Growing need for deforestation-free rubber as tire demand destroys native forests Surging demand for natural rubber is decimating some of the world's most endangered forests, putting wildlife and critical ecosystem services at risk, warn scientists writing in the journal Conservation Letters. Reviewing a large body of published research, Eleanor Warren-Thomas of the University of East Anglia and colleagues detail the crop's expansion across across Southeast Asia in recent decades.
Your name here: auctioning the naming rights to new species to fund conservation Meg Lowman is on a mission to save northern Ethiopia's church forests, one at a time. Numbering around 3,500, these small "sacred" patches of forest surrounding churches are isolated natural oases in Ethiopia's otherwise mostly agricultural terrain, and they are losing ground to human activity at an alarming rate. Church forests are considered critical conservation areas. They are home to hundreds of species found nowhere else in the world, with new discoveries still being made.
Recently discovered 'punkrocker' frog changes skin texture in minutes In 2006, two scientists discovered a tiny new frog species in the Reserva Las Gralarias, a nature reserve in north-central Ecuador. They took its photograph and nicknamed it the "punkrocker" frog because of spine-like projections coming out of its skin. For the next three years, they did not find the punkrocker again. But when they did re-discover it in 2009, the team found that the punkrocker had more tricks up its sleeve.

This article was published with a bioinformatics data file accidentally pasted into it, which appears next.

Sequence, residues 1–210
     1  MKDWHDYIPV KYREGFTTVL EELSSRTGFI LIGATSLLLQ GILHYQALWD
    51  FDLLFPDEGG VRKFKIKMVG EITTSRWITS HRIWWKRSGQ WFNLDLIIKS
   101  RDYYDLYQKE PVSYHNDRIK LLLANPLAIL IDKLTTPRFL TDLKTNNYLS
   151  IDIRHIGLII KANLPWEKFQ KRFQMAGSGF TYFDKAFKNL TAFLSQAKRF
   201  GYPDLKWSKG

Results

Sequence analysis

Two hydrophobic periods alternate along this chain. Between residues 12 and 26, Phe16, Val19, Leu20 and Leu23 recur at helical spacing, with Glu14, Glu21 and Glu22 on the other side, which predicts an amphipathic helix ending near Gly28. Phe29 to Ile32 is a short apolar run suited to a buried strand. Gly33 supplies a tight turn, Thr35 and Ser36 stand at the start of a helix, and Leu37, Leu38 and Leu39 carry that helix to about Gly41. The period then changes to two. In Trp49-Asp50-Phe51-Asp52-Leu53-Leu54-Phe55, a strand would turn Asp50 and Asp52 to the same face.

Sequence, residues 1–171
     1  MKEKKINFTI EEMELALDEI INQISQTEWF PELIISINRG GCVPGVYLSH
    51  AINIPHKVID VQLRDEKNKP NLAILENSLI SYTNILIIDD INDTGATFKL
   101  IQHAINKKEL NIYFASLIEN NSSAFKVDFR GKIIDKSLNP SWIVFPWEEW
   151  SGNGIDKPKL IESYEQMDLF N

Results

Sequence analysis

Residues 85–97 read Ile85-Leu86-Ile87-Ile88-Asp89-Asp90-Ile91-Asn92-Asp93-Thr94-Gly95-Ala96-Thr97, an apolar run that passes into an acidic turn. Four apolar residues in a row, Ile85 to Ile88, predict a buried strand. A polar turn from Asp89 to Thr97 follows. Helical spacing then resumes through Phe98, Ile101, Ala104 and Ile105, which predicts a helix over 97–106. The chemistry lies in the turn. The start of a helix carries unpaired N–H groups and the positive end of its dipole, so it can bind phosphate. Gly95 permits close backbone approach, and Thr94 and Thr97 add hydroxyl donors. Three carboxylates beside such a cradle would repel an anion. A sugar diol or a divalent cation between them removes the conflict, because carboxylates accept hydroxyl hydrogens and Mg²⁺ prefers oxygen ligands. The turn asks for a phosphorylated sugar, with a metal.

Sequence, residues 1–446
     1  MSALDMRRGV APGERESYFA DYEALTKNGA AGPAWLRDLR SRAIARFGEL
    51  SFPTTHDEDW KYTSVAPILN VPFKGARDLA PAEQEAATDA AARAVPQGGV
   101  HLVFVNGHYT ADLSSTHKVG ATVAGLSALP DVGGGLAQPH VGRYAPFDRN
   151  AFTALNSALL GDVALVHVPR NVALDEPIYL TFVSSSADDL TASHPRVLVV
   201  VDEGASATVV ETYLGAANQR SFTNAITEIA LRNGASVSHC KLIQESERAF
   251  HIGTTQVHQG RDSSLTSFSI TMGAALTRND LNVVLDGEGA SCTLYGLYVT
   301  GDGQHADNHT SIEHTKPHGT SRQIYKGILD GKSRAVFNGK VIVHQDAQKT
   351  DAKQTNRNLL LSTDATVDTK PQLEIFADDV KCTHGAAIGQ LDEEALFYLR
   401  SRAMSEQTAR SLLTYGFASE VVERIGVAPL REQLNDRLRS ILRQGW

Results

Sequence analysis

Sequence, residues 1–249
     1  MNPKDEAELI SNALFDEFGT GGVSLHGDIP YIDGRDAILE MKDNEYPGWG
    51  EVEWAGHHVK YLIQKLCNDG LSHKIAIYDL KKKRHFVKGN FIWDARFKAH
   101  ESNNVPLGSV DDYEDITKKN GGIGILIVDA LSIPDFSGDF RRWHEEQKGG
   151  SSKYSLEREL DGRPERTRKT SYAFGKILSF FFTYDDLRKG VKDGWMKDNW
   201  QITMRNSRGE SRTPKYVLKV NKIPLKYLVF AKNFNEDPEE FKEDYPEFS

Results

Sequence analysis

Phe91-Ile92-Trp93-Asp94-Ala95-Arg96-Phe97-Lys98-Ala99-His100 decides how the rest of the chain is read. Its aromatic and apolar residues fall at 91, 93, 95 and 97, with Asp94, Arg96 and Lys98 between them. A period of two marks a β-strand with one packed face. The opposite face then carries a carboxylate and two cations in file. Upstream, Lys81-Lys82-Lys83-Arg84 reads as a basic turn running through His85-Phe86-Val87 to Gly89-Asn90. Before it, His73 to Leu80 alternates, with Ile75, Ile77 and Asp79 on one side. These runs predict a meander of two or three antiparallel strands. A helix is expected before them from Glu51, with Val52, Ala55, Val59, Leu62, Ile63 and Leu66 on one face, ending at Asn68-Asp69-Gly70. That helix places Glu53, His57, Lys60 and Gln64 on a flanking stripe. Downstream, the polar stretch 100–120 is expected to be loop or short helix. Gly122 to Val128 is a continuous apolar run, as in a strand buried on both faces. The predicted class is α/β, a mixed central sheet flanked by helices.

Photo Essay: Geopolitical pawns, the fishermen of Lý Sơn, Vietnam 'When they came, what could we do?' 46-year-old fisherman Nguyên Phú asks, crouching down like a frog with his hands above his head. 'We just put our hands up like this, and said, 'Don't shoot! Don't shoot!'' Their caution is warranted. If they venture too deeply into Vietnam's claimed territorial waters, a Chinese patrol boat will swoop down on them.
Indonesia's public water movement consolidates after two of its biggest wins With the tide of privatized water in Indonesia as close to turning since the dictator Suharto was president, an entire spectrum of stakeholders are scrambling to chart a path forward on the heels of two landmark – and unexpected – court decisions. First, the Constitutional Court struck down the main governing law on water resources. Then a Jakarta court annulled the city's contract with private operators Palyja and Aetra, which have run the city's piped network since 1998 amid continual allegations of corruption and mismanagement.